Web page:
The first U.S. Navy ship named for an island in the West Indies east of Hispanola. Large cruiser Puerto Rico (CB–5) was authorized on 19 July 1940, and was to be built by New York Shipbuilding Corp., in Camden, N.J.; but her construction was cancelled on 24 June 1943. In addition, the Department of Transportation’s Maritime Administration announced on 27 January 2012 that it had transferred high speed vessel Alakai to the Military Sealift Command (MSC). On 9 May 2012, Secretary of the Navy Raymond E. Mabus Jr., announced that Alakai was renamed Puerto Rico (T-HST-2). The vessel remained in caretaker status, however, at Philadelphia, Pa., until 24 March 2016, when the MSC approved an 18-month enhanced use lease to Bay Ferries, Ltd., a Canadian firm that intends to operate Puerto Rico between Portland, Maine, and Yarmouth, Nova Scotia.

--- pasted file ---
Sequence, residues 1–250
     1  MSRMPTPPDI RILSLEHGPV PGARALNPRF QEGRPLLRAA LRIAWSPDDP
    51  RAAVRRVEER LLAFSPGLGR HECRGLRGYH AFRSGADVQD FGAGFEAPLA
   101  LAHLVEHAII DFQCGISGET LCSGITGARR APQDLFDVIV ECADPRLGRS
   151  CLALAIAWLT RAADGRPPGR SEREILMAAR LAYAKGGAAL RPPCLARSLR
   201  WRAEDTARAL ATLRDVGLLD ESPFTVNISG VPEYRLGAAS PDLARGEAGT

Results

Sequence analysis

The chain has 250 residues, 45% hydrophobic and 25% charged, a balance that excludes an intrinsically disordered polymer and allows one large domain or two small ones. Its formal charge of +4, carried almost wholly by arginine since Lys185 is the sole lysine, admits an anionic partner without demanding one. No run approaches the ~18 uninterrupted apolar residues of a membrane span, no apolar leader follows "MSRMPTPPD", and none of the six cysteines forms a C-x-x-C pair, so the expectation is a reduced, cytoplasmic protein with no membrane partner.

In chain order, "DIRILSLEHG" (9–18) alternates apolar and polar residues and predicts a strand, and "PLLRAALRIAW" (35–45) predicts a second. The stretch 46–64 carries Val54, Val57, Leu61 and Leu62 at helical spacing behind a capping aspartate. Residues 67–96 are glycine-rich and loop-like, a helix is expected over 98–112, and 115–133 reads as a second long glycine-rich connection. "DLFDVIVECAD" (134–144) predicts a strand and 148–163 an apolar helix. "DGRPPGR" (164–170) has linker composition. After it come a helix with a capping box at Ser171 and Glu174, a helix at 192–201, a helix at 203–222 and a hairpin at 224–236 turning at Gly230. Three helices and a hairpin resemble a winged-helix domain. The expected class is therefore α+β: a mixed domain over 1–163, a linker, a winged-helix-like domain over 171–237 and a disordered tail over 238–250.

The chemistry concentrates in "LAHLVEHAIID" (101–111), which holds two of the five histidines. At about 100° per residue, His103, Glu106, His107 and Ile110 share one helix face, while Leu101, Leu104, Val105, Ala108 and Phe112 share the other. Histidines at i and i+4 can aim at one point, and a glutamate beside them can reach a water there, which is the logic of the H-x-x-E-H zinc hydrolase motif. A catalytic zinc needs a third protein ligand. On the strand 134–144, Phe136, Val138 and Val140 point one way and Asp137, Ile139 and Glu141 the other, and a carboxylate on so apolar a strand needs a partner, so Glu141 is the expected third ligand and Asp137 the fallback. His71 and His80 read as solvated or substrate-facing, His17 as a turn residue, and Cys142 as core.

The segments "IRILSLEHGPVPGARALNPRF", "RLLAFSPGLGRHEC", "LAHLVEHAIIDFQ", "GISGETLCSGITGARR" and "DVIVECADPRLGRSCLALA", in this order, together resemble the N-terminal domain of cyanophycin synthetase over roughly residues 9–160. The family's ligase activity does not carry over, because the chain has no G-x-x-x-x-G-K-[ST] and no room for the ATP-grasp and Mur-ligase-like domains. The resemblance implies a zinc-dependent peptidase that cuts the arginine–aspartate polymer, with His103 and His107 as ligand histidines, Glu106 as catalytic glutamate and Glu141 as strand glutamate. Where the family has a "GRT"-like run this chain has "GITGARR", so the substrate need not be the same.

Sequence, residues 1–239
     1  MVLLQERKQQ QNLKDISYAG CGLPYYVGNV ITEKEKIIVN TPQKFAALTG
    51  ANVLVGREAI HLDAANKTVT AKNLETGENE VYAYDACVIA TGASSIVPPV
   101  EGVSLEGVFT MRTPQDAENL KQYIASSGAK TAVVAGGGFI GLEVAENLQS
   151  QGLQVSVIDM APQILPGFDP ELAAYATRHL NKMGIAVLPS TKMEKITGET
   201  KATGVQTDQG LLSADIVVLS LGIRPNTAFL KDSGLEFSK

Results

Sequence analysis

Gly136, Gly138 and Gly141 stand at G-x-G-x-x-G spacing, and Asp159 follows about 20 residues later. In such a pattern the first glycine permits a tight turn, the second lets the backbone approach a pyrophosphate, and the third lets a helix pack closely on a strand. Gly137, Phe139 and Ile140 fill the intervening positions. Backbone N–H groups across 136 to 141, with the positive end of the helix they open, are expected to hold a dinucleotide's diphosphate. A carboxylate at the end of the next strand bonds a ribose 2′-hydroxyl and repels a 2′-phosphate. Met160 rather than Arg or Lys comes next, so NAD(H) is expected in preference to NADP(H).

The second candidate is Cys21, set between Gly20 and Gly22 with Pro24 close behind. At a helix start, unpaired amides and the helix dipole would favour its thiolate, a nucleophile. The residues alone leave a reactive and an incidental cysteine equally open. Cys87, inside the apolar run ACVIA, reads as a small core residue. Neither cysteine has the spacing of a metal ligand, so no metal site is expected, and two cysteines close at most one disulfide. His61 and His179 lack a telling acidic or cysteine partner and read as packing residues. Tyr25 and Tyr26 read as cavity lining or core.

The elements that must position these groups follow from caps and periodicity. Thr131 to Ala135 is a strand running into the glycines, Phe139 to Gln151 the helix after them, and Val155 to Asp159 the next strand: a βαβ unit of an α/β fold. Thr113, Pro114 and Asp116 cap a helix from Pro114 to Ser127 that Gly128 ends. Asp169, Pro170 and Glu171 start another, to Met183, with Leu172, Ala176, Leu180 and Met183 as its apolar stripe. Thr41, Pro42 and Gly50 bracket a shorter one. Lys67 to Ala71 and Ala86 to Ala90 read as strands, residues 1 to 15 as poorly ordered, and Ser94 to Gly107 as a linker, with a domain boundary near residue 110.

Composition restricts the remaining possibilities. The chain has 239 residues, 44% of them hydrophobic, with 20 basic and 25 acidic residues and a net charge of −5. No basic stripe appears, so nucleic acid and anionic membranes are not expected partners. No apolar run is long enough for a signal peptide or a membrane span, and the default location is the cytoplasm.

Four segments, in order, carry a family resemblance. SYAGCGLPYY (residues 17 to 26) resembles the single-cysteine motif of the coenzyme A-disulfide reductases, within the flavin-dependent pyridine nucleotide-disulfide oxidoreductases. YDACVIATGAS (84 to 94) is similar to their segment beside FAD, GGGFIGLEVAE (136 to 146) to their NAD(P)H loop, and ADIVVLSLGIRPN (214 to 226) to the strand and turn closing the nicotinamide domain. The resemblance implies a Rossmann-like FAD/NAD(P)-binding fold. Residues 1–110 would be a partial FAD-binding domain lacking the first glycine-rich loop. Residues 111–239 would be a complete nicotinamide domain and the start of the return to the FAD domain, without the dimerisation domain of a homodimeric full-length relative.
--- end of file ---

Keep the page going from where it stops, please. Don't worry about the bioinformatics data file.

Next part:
(T-EPF-11: displacement 2,362; length 338'; beam 93.5'; draft 13'; speed 35+ knots; complement 22, troop capacity 312; aircraft landing pad for 1 Sikorsky MH-60 Seahawk; class Spearhead)
On 15 September 2016, the Navy awarded Austal USA the contract to build expeditionary fast transport T-EPF-11 at the company’s facility at Mobile, Ala. Secretary of the Navy Mabus announced the assignment of the name Puerto Rico to T-EPF-11 during a ceremony at the District of Columbia city hall in Washington, D.C., on 14 December 2016. The ship was laid down on 9 August 2018; and is sponsored by Supreme Court Justice Sonia M. Sotomayor.
The MSC will operate the ship, which can embark a company of marines or soldiers. Puerto Rico is a shallow draft aluminum catamaran that has a flight deck for helicopter operations, and a loading ramp to enable vehicles to quickly drive on and off the ship. The ramp is designed to accommodate the limited piers and quay walls often encountered in developing countries.
Detailed history pending.
Mark L. Evans
13 August 2018